The resulting hundredfold flood of layered guitars from Winfield Holt illustrates as the only hiccough. Jean spoke of how theirs and Holt’s respective voice and guitar are indicative of the musical chemistry between them.
Chemistry is an aspect which Jean has recently learned does not come all too easily.
Their vocal-instrumental simpatico has evolved leagues beyond where it began on Luck, all to Clever Girls’ benefit or detriment. From the aforementioned three hits, it is overwhelmingly to their benefit. However, other cuts like “Womxn” or “Spark” are tight to the point of talking over each other.
The only mark against this record — and it is a slight one — is that drowning production can sometimes erase the power in Jean’s lyrical imagery to the song’s detriment. On “Womxn” it works because of the overriding anger in the singer’s voice. Softer songs like “Spark,” however, diffuse the power of that voice by the warmth of the instrumentation. The song melts like butter in the skillet and the listener is left to wait for the next cut to sizzle.
And yet, this only makes for a passing occurrence. More often, Jean sings and the band fills with grace. Clever Girls split the instrumental layers of filtered guitars and synthesizers with clear cut hooks, making a brochette of the heart and rendering a vulnerability rare in the bygone garage and grunge records that form the fundamentals of their music.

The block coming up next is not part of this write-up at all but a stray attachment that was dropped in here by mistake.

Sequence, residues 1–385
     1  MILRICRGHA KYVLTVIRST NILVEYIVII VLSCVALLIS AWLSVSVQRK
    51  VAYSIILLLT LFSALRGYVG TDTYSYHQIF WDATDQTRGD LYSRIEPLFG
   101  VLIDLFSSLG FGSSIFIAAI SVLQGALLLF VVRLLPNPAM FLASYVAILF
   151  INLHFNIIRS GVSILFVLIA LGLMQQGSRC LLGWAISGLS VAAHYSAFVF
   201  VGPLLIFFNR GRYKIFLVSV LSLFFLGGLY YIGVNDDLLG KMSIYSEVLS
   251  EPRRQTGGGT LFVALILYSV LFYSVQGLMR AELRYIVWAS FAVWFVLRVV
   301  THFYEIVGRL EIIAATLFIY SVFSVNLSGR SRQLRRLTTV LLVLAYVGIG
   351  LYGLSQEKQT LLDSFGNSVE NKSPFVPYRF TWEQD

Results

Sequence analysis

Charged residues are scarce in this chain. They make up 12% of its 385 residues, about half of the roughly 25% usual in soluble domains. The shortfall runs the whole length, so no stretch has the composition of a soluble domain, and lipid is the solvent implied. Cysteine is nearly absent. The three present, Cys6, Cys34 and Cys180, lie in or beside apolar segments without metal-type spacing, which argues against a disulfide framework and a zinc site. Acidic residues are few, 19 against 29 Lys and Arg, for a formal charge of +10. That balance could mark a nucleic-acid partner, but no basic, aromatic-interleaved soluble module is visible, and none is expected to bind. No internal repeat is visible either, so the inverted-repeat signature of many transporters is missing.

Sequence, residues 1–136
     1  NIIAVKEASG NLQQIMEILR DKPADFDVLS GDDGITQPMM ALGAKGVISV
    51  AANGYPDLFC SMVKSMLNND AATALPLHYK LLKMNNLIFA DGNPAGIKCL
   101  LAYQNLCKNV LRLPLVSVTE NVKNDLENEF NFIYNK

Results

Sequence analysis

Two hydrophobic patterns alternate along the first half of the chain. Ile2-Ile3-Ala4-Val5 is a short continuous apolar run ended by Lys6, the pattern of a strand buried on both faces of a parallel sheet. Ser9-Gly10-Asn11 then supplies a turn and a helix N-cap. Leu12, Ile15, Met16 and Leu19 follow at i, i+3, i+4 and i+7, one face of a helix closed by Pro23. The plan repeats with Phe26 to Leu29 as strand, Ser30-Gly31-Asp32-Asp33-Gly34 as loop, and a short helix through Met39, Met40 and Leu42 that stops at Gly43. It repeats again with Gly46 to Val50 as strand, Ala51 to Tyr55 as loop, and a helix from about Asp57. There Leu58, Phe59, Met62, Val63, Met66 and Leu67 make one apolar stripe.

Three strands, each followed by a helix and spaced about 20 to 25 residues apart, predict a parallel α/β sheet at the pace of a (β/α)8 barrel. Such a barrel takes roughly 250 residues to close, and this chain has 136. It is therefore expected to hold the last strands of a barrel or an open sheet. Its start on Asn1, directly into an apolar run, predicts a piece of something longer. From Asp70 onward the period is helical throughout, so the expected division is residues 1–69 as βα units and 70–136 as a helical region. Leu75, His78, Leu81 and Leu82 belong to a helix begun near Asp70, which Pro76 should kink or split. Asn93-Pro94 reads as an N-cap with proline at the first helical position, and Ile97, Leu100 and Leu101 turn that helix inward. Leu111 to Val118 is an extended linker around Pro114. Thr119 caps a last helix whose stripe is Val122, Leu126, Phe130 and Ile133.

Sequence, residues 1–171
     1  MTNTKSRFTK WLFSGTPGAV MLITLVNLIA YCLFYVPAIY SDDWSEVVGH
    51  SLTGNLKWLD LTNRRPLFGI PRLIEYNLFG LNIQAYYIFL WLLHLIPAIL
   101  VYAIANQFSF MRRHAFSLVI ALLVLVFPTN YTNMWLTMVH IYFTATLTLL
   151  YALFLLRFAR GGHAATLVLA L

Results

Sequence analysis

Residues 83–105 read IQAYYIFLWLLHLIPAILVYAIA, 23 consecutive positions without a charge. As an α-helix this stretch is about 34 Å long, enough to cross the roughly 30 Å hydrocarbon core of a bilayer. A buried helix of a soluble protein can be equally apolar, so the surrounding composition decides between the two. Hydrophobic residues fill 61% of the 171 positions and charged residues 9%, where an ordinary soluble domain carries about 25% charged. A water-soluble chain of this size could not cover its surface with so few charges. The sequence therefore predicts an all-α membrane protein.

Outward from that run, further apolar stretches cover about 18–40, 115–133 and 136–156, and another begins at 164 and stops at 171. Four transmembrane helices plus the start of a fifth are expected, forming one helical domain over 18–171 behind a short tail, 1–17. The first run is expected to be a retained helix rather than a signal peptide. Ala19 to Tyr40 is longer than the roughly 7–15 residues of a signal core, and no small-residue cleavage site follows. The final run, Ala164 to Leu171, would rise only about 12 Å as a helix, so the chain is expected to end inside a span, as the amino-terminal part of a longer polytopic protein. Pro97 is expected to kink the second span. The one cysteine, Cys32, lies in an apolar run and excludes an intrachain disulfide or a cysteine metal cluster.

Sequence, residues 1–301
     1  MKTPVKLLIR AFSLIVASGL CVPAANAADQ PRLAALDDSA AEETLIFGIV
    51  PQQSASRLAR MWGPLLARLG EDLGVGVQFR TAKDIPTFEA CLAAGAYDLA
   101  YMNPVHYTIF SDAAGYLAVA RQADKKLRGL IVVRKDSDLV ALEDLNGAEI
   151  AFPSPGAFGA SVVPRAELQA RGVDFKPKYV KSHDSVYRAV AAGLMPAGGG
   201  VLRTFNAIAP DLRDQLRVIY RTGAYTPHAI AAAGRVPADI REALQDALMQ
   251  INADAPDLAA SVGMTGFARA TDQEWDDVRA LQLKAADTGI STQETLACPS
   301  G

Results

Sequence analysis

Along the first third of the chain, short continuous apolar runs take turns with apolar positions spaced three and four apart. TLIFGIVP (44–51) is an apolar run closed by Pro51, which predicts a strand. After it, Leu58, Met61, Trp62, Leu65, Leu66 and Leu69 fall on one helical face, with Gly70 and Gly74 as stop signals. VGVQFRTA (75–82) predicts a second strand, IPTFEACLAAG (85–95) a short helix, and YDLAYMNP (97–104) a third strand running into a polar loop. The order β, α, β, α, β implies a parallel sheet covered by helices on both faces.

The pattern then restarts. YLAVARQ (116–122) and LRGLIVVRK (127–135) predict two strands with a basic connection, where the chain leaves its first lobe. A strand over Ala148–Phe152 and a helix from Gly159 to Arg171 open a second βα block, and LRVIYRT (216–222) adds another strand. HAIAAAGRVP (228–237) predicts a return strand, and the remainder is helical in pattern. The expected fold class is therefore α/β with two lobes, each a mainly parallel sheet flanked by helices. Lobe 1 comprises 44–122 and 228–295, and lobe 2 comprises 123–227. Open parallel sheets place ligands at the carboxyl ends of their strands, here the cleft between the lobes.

Jean also illuminated how the ultimate track, “Fried,” moves past these fundamentals. Taken from the late Nineties/early-Aughts deep house stylings of Dirty Vegas and Deep Dish, the result is a ratty, bottomed-out dance rock cut that would sooner tap feet or bob heads than careen in its underwear on the high that is the penultimate “Saturn.” It marks the band taking an even more progressive step out of themselves.
This all adds up to an album that manages to be endearing without puke-inducing — an alien concept in comparison to their garage rock debut. Clever Girls do not just craft an album with variety, they open up their sound to possibilities. Less a slump, more of a launch.
Constellations is an early favorite, a precocious indie rock record with enough crunching predilections to engage interest and plenty of streetwise poetry to bruise and balm the breast. It is in an early personal company of albums of the year based on gumption alone. Even if the instrumentation oversteps the lyricism at times, the sheer character and resilience in the production of this record means more, feels more and does more.